The World Press Photo Contest has updated its entry rules to exclude submissions for AI-generated imagery, just days after announcing that such images could be entered into its Open Format competition category. The World Press Photo Foundation initially said it would welcome AI-generated submissions — a decision met with immediate backlash from photojournalists who said allowing artificially created images into a contest for photojournalists responsible for documenting real-world events was “anathema to everything our industry does.”
The foundation has since rolled back its new AI submission guidance and updated contest rules to bar AI-generated images from its Open Format category. “Thanks to the honest and thoughtful feedback over the past days, we have decided to change the rules for the Open Format category in our contest to exclude AI generated images,” said the World Press Photo Foundation in a statement published on its website on Monday. “Both generative fill and fully generated images will be prohibited in the Open Format category (as was already the case in the other categories: Singles, Stories and Long-Term Projects).”
AI-generated images have never been eligible for submission to the prestigious World Press Photo of the Year contest
AI-generated images have never been eligible for submission to the prestigious World Press Photo of the Year contest.
The rules for image manipulation of photos “made by a lens-based camera” have also been updated to provide greater clarity on what constitutes an AI-generated image. Light changes like denoising, automatic adjustments (for example, on levels, colors, contrast), and object selection are listed as acceptable examples of AI editing tools, the extent of which will be decided by the contest organization and a global jury. Tools based on generative AI models that introduce new information to enlarge and sharpen images, such as Adobe Super Resolution and Topaz Photo AI, are not permitted.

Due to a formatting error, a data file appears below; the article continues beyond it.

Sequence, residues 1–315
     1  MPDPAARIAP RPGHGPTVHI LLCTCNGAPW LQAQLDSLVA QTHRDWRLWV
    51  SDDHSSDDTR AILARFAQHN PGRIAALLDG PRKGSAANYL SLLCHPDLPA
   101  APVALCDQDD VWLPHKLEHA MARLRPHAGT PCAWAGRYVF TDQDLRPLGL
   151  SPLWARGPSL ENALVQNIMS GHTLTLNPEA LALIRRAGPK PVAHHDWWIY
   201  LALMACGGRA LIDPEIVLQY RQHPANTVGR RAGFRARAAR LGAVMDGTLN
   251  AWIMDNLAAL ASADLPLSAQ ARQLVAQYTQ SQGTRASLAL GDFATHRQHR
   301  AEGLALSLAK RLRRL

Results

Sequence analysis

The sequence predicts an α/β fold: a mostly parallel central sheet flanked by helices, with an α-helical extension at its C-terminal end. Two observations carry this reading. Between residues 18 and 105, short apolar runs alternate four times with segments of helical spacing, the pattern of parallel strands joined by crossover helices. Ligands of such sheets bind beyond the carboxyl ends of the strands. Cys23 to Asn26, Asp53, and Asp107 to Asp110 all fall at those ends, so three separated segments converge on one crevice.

To help clarify what a photograph is in the age of AI, the World Press Photo Foundation has also helped develop a “set of clear ethical standards” alongside photojournalism institutions, visual journalists, and “editors with interest and expertise in the topic.” They’re meant to ensure that photographs are “fair and accurate representations of what the photographer witnessed” and not produced in a way that misleads the public.
AI is becoming increasingly harder to ignore across cameras and image editing software
AI technology is being increasingly featured in cameras and editing software, so it’s easy to understand why the World Press Photo Foundation is trying to firm up its submission guidelines. Plenty of apps like Adobe Photoshop and Lightroom feature AI-assisted editing tools designed to make life easier for photographers by automating boring, labor-intensive tasks like masking objects or refining hair details. And increasingly, AI powers the imaging systems on modern smartphones, with Google’s new Magic Editor and Best Take features used to differentiate the Pixel 8.
With AI so thoroughly embedded in the photography pipeline, the World Press Photo Foundation’s guidelines for defining what level of AI manipulation is permissible for a real photograph is a welcome attempt to place a greater divide between AI “art” and photojournalism.